One of the UK’s largest private aviation companies has combined new and existing technologies to complete a substantial overhaul of its security operation.
The £50,000 upgrade has enabled Multiflight in Yorkshire to meet recent and demanding changes in Department of Transport regulations.
Not only that, Multiflight’s security overhaul has achieved significant cost savings, demonstrating how its approach can be applied to other industry sectors – retail, manufacturing, commercial – where businesses occupy large, complex sites with a high volume user-base.
The whole of the upgrade was developed by security provider Keybury Fire and Security which responded to Multiflight’s brief to provide a cost-effective and flexible solution capable of taking on future upgrades easily.
Multiflight was established almost 20 years ago and operates a 5-acre site adjoining Leeds Bradford International Airport. It has 270 approved users of the facility, including 70 of its own staff, Yorkshire Air Ambulance personnel and deals with 3,000 flights a year.
Its customers include leading business figures from major Yorkshire companies and private jet owners who use the site to house their aircraft. More than 30 aeroplanes are kept in four hangars including two air ambulances and a Boeing 737.
Continued investment in security has enabled Multiflight to accommodate high profile clients such as the Queen and Prince Philip who used the VIP facility after a recent visit to the region during the Diamond Jubilee celebrations.
So what has been the Multiflight/Keybury approach? Central to the brief was the desire to maximise the use of existing equipment while at the same time investing in new technology to deliver 21st century site security, taking into account the array of buildings and services on the site including: executive passenger and aircraft handling, aircraft management, fuelling, hangarage, aircraft charter, maintenance and flight training.
Keybury developed a hybrid system that enabled this to happen, with analogue CCTV equipment installed just five years ago now integrated with the latest in high definition digital camera technology.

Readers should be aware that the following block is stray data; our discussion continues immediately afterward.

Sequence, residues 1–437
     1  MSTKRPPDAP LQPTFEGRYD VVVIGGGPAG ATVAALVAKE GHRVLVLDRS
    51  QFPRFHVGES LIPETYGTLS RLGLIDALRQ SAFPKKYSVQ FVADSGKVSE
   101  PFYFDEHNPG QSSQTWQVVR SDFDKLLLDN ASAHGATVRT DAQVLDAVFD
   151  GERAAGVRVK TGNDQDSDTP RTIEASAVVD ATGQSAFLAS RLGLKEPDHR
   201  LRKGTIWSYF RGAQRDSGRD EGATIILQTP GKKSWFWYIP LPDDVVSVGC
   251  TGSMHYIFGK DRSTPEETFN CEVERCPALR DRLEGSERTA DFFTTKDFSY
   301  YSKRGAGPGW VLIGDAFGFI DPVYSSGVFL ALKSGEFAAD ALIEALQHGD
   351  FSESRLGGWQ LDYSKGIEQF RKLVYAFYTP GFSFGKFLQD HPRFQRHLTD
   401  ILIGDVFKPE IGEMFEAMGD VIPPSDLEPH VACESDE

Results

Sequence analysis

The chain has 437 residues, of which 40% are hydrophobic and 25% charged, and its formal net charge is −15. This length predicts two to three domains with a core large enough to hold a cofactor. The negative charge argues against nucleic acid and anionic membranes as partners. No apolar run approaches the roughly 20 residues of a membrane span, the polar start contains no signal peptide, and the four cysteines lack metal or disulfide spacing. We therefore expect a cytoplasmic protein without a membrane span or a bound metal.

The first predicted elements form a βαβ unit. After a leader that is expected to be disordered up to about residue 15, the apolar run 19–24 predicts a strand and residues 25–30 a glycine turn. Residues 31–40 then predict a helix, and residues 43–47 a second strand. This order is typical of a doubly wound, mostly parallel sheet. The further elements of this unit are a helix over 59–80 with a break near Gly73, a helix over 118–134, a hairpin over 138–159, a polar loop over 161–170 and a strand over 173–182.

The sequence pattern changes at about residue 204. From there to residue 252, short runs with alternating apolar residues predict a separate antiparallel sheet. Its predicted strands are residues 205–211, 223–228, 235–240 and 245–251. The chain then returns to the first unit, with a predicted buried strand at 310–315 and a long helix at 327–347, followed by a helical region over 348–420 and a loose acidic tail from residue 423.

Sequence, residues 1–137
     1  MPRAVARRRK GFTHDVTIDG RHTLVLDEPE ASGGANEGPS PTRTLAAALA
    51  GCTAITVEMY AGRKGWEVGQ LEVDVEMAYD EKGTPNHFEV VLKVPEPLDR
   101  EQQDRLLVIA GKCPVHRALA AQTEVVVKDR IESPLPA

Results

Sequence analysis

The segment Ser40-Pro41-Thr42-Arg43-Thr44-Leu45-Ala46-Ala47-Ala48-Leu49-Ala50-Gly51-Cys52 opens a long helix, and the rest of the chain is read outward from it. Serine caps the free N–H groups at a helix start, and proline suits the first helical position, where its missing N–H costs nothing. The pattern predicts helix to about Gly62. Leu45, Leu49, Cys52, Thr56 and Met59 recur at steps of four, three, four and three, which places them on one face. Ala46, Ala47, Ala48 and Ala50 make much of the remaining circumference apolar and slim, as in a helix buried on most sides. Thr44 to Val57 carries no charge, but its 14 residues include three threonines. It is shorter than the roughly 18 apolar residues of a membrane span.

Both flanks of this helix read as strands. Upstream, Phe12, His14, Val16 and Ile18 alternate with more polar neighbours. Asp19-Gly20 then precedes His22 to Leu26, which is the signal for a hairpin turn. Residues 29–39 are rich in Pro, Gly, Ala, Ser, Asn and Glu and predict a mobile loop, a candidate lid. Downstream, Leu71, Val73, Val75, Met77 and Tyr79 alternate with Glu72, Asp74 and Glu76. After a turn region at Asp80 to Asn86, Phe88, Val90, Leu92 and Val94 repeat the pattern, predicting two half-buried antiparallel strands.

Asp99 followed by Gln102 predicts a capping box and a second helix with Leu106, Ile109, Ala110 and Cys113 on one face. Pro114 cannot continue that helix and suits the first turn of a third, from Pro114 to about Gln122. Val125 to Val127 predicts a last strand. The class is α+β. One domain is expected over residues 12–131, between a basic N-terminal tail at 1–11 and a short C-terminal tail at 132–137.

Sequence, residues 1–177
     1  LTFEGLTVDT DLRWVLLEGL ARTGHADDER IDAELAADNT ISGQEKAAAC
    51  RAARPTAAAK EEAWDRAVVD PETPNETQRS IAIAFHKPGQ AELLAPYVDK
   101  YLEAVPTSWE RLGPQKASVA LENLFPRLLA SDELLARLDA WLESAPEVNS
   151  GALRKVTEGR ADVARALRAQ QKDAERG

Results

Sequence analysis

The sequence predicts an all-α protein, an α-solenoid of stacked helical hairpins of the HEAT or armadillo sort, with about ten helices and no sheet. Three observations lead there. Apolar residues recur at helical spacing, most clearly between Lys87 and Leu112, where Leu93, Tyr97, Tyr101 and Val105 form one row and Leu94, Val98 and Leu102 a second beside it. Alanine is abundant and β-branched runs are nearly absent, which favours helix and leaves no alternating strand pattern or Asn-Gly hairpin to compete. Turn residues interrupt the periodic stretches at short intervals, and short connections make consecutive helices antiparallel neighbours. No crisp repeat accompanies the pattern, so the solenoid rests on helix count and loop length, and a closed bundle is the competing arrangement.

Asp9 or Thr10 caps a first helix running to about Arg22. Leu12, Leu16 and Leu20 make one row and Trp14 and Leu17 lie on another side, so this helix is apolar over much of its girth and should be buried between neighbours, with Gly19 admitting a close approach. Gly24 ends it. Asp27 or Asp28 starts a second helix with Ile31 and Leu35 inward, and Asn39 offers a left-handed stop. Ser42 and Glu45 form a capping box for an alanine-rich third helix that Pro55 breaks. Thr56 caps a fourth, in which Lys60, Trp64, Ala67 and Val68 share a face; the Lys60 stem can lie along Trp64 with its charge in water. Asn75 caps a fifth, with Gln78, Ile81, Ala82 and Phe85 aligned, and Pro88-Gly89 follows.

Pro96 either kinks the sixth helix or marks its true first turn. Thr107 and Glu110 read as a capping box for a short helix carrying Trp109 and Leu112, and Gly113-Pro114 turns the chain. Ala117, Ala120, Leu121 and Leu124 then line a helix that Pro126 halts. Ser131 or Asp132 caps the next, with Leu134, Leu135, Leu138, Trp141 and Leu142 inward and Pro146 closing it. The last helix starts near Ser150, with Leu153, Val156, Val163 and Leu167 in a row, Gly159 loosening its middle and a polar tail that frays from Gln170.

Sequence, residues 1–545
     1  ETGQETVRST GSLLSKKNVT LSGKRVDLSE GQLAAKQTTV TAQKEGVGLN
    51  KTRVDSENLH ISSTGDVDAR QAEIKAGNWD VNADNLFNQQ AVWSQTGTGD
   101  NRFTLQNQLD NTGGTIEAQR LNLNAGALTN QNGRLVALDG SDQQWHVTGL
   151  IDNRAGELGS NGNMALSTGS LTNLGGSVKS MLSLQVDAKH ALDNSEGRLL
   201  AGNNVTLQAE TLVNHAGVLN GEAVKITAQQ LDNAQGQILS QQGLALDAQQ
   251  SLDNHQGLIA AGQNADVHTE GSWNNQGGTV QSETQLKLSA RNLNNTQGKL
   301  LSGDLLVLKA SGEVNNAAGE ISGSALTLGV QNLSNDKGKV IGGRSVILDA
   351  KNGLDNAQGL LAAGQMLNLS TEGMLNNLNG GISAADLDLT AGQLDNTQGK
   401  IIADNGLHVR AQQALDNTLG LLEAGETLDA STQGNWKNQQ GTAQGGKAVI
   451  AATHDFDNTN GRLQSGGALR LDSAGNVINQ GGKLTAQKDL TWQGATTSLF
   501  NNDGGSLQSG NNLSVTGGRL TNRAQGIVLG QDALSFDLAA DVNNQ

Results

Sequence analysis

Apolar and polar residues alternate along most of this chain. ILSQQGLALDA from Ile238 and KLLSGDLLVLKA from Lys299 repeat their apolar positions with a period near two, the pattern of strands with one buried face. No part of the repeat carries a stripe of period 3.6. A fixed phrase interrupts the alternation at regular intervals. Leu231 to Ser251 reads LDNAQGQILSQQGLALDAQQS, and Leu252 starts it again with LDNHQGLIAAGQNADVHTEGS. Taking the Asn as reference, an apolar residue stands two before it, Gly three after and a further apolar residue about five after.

Keybury chose to install the Paxton Net2 access control system which covers 13 doors and 26 card readers that lead into areas classed as ‘airside’. The access pass management system delivers a complete audit trail of movements by those authorised and carrying access passes.
The system incorporates CCTV where 10 new 180-degree high definition panoramic cameras have been installed, improving and replacing fixed cameras. These cameras provide general overview observation as well as close ups at ‘pinch points’ – entrances and exits.
Camera sites have been carefully chosen and infra-red technology is in place where necessary. All footage being captured is in real time and provides number plate as well as facial recognition. And whatever is caught on camera can be viewed by those authorised through their PCs, smartphones and Ipads – wherever they may be.
Returning to the theme of combining new and older equipment and infrastructure, Keybury was able to use existing underground analogue CCTV cables as part of the new IP system network, minimising disruption during the project and furthermore, costs.
The new system is providing enhanced security for both Multiflight staff and its customers, says managing director, Steve Borrowdale, “The very nature of our operation means we need optimum security, not only so that we are compliant with industry regulations, but because it is a vital aspect of our service to customers and our responsibility to staff.
“Our investment has delivered not only these aims, but significant cost savings thanks to Keybury’s innovative approach and experience.”
Keybury director Patrick Beebe, adds: “The Multiflight environment is not dissimilar to those of other sectors where a large site or building is involved with numerous access points and users. It’s a good example of how existing security measures can be enhanced with the latest technology to deliver an up-to-date, reliable and efficient security system.”